Update Skillset and Learn New Skills

The current pandemic poses unique challenges making it essential for the project managers to do an upgrade or upskill. New skills will need to be learned, primarily in the world of digitization. These new skills will include communication tools, creating emergency plans, and working with software and data. At this point, it is no longer an option but a requirement to acquire a variety of skill-based opportunities.

Adjustments will have to be made in terms of project management and standard operating procedures (SOP). The need to break away from traditional construction policies and systems is a must, to be able to mitigate any risks of budget, schedule, and scope will improve.

Flexible and Long-term Solutions are Keys  

The pandemic situation has certainly forced a majority of employees and even employers to work at home, leading to the realization that some departments can operate remotely. The industry has seen an unprecedented change in how work is done since flexible work schedules can be implemented this way. Furthermore, there is a huge saving in fuel costs and time. There’s a great chance that many organizations and firms might consider continuing to some degree when it comes to the remote working of their employees.

Now, this is not to say the shift is resulting in pure benefits like increased productivity. Certain tasks that require spontaneous collaboration is more difficult to manage. A group of people that are connected remotely will have to throw ideas at one another while facing potential technical difficulties. This will certainly bring a new challenge to the management.

Predictions and Possible Trends that will Stay 

Lockdown will accelerate a lot of trends, moving away from traditional systems. Though, before lockdown, a lot has already been established. Such as cashless payments and delivery services.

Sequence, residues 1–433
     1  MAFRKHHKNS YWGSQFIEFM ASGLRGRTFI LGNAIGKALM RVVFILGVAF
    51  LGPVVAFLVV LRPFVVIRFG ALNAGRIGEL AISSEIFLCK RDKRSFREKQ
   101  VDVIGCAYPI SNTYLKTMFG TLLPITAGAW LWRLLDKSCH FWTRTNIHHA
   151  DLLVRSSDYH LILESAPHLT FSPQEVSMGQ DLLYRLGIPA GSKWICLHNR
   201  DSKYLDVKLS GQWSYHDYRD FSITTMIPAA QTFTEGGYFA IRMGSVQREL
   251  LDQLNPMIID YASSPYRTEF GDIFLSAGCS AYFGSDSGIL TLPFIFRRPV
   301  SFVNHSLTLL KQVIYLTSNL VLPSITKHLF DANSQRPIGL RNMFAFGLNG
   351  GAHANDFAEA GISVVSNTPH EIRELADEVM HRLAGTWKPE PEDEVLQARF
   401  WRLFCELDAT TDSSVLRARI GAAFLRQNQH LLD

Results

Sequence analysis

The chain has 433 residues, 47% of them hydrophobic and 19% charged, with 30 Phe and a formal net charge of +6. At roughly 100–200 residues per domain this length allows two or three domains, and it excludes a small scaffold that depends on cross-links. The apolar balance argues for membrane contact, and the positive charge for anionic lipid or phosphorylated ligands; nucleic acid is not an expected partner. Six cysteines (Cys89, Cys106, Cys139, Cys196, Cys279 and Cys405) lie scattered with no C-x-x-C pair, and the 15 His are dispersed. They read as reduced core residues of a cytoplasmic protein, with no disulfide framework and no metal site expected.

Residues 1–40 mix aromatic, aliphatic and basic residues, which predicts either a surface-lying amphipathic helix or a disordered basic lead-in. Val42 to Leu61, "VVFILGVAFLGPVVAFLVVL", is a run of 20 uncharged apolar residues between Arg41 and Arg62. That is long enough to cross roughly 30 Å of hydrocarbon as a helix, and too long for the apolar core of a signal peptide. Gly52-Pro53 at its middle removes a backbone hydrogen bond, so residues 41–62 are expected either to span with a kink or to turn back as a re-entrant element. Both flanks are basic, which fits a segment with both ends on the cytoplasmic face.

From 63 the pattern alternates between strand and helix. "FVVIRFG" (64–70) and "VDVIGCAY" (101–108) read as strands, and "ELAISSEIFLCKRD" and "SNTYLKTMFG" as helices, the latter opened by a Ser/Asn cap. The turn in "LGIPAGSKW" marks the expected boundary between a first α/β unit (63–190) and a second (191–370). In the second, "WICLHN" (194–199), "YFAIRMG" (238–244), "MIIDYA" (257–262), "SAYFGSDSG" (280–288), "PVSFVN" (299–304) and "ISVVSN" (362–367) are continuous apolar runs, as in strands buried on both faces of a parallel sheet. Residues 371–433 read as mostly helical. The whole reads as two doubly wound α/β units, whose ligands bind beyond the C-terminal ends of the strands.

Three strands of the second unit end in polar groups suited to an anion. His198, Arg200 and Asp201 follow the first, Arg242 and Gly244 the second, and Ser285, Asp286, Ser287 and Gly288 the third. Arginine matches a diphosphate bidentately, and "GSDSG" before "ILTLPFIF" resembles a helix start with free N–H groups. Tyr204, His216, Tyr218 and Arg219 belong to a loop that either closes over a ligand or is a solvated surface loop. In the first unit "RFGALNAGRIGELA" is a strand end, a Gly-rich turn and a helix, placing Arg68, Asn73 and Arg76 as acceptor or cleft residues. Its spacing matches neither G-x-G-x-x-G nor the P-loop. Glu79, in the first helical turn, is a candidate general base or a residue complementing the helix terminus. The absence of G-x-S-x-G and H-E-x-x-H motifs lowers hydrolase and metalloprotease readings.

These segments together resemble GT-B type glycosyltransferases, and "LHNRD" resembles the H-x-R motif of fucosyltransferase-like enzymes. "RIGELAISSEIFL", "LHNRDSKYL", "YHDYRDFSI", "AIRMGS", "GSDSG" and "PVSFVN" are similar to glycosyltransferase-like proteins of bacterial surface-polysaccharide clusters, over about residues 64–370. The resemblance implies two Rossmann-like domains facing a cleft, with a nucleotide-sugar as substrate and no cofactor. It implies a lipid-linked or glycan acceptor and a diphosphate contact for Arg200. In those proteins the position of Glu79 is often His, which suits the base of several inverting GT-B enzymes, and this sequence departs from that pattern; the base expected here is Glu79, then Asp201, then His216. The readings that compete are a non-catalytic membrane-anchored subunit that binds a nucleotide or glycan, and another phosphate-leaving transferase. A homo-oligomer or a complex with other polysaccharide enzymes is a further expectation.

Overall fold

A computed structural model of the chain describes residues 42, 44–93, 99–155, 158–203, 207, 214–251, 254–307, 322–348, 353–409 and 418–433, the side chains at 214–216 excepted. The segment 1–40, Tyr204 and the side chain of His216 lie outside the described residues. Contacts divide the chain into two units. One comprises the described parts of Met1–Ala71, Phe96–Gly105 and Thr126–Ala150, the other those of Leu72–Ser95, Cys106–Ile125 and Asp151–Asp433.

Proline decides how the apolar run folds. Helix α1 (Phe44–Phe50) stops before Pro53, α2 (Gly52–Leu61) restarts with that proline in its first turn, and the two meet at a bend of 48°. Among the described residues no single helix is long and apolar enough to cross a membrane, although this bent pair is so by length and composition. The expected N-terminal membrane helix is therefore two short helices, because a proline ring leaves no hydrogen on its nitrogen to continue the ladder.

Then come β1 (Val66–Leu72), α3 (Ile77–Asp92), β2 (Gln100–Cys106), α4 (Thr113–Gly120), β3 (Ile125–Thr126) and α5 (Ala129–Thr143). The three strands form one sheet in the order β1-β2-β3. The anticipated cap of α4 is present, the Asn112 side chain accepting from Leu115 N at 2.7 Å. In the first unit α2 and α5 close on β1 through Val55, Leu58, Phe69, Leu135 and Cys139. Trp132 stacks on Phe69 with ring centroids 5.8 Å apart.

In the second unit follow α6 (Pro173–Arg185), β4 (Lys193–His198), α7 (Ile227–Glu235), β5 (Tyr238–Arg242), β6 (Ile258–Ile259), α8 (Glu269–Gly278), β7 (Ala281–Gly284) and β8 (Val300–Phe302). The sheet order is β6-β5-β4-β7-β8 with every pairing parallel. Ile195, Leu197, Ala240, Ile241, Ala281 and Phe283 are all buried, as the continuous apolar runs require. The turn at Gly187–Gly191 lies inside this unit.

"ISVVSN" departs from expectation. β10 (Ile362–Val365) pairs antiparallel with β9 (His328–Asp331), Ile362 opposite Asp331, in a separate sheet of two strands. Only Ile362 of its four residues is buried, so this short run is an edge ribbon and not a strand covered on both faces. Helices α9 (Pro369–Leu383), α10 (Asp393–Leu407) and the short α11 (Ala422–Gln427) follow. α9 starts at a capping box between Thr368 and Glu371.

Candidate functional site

• A lot of businesses now realize that they can operate without an office space.
    • Flexibility-off downsizing pipeline of office undersupply.
    • Priority investment in the design and construction of healthcare facilities. (Government).
    • Hospitality will bounce back fast.
    • The decline of flat or apartment sales in favor of rural areas.
    • Establishing or Revising Government and Building Policies in an event of a pandemic.
    • Flexible building codes that can be adapted during a pandemic.
    • A lot of construction companies are stepping up into the digital age. Upgrade of systems.

Keeping construction projects going is essential in the economy, in so many ways. The construction industry is a significant driver for economic growth. On a global scale, construction is more than USD 11 trillion industry with residential as the largest sector and 13 percent of the global GDP. Moreover, it is essential in providing employment, building the economy, and just recently held an important role in providing the essential infrastructure for health and safety. With these, project management after the pandemic has actually gained an invaluable lesson and pointed out adjustments and much-needed improvements within the industry that are essential in being prepared in such similar situations in the future.